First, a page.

for abuse, each one of us must be wary, especially in a world
changing so fast that none of us can imagine the nature of
academic life in 20 or 30 years.
The Assembly meets its second objective--advice to governmental
agencies, to the president, or to the campuses—through
its official actions or resolutions. Many are symbolic, but
some can have lasting consequences. One
important resolution—on the first three pages of your
handout—took over a year to research, write, and
ratify. It sets minimum standards of shared governance that
all campuses should meet. By looking at other campuses, we
learned that Western’s governance is exemplary in many
ways. But let me point out a few places where we still fall
- Under Faculty Governance Responsibilities, item number
2. Note that in all cases of creation, change, or elimination
of departments, colleges, majors, and programs, these actions
should be initiated and approved by faculty representatives
who are elected by faculty, not appointed by administration.
- Under the same heading, items 5 and 7. Note that all university
policies affecting faculty, and all honorary degrees we
confer, must be approved by elected faculty representatives.
- Under Administration-Faculty Collegiality, item number
3. Note that faculty should be given meaningful input into
such matters as the budget, campus master plan, and building
construction. You can tell who had a say in our master plan.
They still have parking.
- Under the same heading, numbers 8, 9, and 10. Read carefully
what the Assembly advises about the appointment and term
limits of deans and department heads. Note also that faculty
should regularly evaluate the performance of senior administrators.
In the past, we have not always attended perfectly to Assembly
recommendations. For example, three years ago, the Assembly
endorsed a report on the welfare of Non-Tenure-Track Faculty.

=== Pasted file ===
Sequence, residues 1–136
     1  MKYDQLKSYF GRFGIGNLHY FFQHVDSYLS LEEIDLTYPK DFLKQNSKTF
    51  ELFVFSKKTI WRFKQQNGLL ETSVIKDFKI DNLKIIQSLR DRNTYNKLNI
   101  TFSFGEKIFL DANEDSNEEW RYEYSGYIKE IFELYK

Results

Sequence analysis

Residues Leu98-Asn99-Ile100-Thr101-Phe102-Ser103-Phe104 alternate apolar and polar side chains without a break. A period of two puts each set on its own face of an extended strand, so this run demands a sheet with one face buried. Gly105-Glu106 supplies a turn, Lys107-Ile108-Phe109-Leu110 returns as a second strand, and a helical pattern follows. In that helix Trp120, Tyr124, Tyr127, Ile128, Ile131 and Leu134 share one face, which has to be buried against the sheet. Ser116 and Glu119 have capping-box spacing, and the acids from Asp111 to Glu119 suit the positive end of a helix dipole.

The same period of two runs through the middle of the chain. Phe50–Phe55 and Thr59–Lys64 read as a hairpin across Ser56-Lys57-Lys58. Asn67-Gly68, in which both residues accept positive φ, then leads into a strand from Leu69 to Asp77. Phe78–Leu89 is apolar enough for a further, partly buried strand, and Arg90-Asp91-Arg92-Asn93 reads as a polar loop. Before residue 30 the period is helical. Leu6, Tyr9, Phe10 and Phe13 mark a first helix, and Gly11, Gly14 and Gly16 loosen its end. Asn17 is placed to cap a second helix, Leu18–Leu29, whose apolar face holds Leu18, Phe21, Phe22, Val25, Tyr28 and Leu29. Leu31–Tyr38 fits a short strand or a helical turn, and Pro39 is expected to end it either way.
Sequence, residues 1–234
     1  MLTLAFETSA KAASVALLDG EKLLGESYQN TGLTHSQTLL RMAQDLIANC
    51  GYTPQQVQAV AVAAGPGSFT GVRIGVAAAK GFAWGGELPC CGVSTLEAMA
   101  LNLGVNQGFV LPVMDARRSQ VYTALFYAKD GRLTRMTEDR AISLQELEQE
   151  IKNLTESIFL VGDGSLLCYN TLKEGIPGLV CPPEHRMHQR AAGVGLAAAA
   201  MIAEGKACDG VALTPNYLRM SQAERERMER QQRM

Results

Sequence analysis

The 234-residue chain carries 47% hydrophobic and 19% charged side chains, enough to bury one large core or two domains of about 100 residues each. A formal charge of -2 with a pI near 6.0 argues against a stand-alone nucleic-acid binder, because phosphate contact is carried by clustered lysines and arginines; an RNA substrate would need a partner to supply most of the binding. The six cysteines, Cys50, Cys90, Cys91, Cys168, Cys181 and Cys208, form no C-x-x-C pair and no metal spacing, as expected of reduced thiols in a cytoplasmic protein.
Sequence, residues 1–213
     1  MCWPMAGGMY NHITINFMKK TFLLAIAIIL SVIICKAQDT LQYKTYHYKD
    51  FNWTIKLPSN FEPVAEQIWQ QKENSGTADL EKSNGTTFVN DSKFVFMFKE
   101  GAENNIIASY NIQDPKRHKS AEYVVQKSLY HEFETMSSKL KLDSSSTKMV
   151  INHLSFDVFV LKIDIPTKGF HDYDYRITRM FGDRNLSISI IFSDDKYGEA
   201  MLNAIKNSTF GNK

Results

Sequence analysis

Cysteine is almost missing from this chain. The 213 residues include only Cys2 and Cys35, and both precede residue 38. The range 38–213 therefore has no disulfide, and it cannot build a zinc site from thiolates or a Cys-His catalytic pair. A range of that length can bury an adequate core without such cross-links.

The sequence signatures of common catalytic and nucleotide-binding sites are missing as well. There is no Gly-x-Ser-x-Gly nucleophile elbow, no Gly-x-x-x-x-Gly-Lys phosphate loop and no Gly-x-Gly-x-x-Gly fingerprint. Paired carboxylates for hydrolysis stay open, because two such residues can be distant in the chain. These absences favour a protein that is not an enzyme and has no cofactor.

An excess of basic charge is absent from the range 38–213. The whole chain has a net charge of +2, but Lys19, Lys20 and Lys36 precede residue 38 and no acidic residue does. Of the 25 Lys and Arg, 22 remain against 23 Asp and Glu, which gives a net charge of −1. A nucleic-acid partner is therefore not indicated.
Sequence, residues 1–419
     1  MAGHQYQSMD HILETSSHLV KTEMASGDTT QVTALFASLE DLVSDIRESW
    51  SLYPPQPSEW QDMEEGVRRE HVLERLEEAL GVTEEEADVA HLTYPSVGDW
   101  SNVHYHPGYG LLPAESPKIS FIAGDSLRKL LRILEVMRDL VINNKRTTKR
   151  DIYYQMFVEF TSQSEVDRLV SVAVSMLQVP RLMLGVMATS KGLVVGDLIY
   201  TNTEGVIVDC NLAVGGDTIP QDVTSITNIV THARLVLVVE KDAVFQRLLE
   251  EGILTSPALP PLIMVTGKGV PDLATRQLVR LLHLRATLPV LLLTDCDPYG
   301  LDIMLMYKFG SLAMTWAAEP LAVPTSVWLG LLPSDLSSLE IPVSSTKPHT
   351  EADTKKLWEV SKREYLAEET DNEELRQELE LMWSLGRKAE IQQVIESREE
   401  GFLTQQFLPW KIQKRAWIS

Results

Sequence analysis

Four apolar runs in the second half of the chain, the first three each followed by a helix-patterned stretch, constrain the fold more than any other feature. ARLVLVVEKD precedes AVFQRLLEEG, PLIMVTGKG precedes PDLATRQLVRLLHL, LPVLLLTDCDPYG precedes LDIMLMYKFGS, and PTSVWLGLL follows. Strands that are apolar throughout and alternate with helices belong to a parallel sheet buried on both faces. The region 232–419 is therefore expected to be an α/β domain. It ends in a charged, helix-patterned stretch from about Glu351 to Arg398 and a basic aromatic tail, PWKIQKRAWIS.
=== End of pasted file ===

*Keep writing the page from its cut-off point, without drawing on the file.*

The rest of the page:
It recommended such faculty be included in decision-making
processes at the department, college, and university level,
particularly those affecting their own responsibilities and
employment conditions. We still have a long way to go to make
However, our Faculty Chair will now be one of our delegates.
Under Newt’s direction, the Academic Freedom and Tenure
committee will grapple with a growing trend: pressures from
religious and other interest groups to legislate our curriculum.
In several states, proponents of the so-called Academic Bill
of Rights have attacked what they perceive as a liberal bias
in subjects ranging from Biology to Freshman Comp. While the
Office of the President works to head off such attacks, they
warn us to expect more of them.
Academic people are notoriously private. We work alone, guarding
the halcyon inner life that makes us curious and wise. But
before we can park, we must learn where they have moved our
parking space. Consider that a metaphor for vigilance.
It has been my privilege to represent Western at the UNC
Faculty Assembly. I know our new delegates, Gary and Sharon,
will be a credit to that body. I look forward to learning
from them. Thank you.